• However, in gaseous reactions where there is a change in the number of molecules in going from reactants to products or vice-versa, pressure plays an important role. For example, the equilibrium in the following reactions are greatly influenced by any change in the pressure of the system.

When the pressure on a reaction involving gases (where n 0) is changed, the equilibrium will shift in a direction so as to undo the effect of change in pressure. As an increase of pressure will cause a decrease in volume so, an increase of pressure on a gaseous system will shift the equilibrium in a direction of decrease in volume, and vice-versa. Therefore,increase in pressure will favour a reaction, which proceeds towards decrease in volume (n = - ve), the equilibrium will shift in such a way that it decreases the pressure by shifting in the forward direction. On the other hand, in a reaction which proceeds towards an increase in volume (n = + ve), the decrease in pressure will shift the equilibrium towards right by increasing the pressure. Thus, according to Le Chatelier's principle,

Effect of catalyst on equilibrium

Catalyst has no effect upon the equilibrium concentration of the reactants and products. In fact, a catalyst accelerates the forward and backward reactions to the same extent and therefore simply helps in the attainment of the equilibrium state faster.

Effect of the inert gas on equilibrium

The effect produced due to the addition of an inert gas (which does not react with any of the reactants and products) on the equilibrium of a reaction, can be predicted qualitatively as follows:

Inert gas added keeping pressure of the system constant

The addition of an an inert gas increases the volume of the system, which in turn, causes the equilibrium position of the system to move in the direction of larger number of gaseous molecules. Thus, we will have

direction of shift in equilibrium

Inert gas added keeping volume of the system constant

Addition of an inert gas into a system at equilibrium under constant volume causes,

  • an increase in the pressure of the system,
  • an increase in the total number of moles in the system.
Total pressure of a system is then given by, PtotalV = ntotal RT or

Total pressure of a system

Under constant volume, at any temperature, the ratio ntotal / Ptotal remains constant even on the addition of an inert gas i.e., the equilibrium position of the reaction remains unaffected. As a result, there is no change in any of the variable and the amount of the substances at equilibrium by the addition of inert gas.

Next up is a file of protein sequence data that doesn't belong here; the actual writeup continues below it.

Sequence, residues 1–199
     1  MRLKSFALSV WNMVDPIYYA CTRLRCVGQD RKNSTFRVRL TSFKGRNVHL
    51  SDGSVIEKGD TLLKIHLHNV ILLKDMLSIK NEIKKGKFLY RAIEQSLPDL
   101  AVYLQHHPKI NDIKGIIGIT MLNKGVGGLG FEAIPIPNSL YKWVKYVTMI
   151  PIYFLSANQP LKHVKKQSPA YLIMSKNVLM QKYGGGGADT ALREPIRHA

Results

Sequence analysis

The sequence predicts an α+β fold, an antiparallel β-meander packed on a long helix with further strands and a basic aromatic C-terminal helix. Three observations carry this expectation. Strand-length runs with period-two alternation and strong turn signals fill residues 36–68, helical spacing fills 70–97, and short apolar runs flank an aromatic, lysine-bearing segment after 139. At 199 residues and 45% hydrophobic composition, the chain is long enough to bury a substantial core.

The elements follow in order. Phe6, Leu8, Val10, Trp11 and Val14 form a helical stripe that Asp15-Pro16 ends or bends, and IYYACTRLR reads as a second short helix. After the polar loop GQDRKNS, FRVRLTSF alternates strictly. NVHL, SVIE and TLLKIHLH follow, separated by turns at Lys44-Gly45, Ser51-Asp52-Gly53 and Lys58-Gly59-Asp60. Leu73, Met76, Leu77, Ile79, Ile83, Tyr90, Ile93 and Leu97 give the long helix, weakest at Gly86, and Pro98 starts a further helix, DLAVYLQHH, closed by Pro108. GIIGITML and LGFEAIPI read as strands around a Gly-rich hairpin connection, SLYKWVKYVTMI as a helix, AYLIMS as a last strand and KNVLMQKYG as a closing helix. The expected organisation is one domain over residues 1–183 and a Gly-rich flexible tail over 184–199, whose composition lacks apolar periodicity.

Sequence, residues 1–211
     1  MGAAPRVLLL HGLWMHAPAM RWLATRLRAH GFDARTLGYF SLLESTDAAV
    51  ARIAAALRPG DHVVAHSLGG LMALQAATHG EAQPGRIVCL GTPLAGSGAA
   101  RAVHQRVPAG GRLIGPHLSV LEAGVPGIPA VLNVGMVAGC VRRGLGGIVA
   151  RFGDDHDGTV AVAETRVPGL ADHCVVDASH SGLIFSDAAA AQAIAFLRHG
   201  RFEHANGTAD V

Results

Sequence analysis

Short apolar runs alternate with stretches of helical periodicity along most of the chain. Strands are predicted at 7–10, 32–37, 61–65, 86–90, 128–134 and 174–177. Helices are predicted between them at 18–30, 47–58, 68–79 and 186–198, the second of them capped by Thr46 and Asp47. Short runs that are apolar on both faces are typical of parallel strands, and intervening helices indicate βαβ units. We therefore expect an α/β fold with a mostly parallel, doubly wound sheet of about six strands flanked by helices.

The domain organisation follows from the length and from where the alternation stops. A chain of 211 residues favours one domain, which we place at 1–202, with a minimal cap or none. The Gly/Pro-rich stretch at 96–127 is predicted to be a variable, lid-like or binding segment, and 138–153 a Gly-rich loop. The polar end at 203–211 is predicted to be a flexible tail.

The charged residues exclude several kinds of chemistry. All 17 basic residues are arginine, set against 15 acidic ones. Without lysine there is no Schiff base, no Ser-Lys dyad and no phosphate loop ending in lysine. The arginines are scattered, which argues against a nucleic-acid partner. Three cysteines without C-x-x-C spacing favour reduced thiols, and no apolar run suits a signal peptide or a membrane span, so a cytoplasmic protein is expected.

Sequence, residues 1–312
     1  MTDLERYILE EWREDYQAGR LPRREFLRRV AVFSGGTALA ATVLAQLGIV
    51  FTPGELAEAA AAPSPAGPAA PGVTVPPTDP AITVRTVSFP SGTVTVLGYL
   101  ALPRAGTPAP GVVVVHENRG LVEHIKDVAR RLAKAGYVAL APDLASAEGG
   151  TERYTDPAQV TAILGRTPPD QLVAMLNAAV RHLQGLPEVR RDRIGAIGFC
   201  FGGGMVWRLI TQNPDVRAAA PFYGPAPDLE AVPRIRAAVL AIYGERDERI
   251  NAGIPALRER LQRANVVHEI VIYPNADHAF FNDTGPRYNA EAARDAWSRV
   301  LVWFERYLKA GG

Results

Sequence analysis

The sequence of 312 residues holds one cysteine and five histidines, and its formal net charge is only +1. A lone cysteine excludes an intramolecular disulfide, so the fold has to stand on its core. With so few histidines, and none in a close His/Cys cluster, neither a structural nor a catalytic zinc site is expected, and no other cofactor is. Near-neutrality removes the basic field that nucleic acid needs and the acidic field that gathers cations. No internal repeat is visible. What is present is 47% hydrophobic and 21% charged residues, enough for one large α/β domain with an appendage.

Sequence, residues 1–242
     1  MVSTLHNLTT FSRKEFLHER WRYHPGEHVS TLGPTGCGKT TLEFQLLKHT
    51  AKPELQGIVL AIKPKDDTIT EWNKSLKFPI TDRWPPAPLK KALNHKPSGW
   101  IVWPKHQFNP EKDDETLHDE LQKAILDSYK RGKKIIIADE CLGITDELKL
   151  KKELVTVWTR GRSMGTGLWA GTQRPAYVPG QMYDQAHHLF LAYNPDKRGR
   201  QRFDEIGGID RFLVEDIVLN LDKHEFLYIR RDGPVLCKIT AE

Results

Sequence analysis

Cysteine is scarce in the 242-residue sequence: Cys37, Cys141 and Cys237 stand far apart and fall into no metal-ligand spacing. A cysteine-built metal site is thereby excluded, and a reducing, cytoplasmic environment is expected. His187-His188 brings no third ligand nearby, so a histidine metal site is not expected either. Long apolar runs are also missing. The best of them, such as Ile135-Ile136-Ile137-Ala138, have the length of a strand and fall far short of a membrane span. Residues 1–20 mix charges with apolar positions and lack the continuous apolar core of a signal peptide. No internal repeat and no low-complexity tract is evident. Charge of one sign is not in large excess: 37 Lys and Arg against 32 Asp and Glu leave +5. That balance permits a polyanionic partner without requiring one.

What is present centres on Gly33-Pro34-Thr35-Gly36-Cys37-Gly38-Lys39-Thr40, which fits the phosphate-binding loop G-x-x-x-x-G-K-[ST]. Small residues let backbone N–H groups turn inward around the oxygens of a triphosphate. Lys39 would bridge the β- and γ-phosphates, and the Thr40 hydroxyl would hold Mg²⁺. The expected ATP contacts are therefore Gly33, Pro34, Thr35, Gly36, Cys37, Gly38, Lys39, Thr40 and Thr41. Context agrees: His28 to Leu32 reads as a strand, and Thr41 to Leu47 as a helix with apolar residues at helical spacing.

Application of Le-chatelier's principle
The Le Chatelier's principle has a great practical significance for all physical and chemical systems. Applicability of this principle to some of the systems is described below:

Liquid - vapour system

Equilibrium between a liquid and its vapours can be represented by the equation.

Equilibrium between a liquid and its vapours

The effect of change in temperature and pressure on this equilibrium are as follows.

An increase in pressure on a system where a liquid-vapour equilibrium exists

According to the Le Chatelier's principle, this will make the system move in a direction of lower volume. An increase in pressure on the system will result in the condensation of vapours to give liquid, since, liquids have lower volume as compared to vapours. The equilibrium will shift towards left. On the other hand, if the pressure is decreased, more and more liquid will get converted into vapours.

The effect of increase in temperature where a liquid-vapour equilibrium exists

According to the Le Chatelier's principle, this will make the reaction move in a direction which absorbs heat i.e., the endothermic process will be favoured. As vaporization (liquid g vapours) is an endothermic process, a rise in temperature will favour the process of vaporization i.e. more liquid would get converted into vapours.

As a result of these effects an increase in temperature and decrease in pressure, shall favour this process Liquid Vapour to proceed in the forward direction.

For example, during the preparation of carbonated drinks such as Cola or beer, a large amount of CO2is dissolved in the solution under high pressure. When these bottles are opened, the pressure decreases and the dissolved carbon dioxide escapes out.

Manufacture of ammonia (Haber's Process)

Ammonia can be synthesized from nitrogen and hydrogen in accordance with the reaction.

formation of ammonia in habers process

The equilibrium constant of this reaction may be written as,

calculation of Kc while ammonia formation

calculation of Kp while ammonia formation

The characteristics of the reaction are:

Firstly, the reaction proceeds with a decrease in volume. Therefore, an increase in pressure should favour the forward reaction. The equilibrium between nitrogen, hydrogen and ammonia at 200C has been studied at different pressures and the following data has been obtained.

Pressure/atom11003001000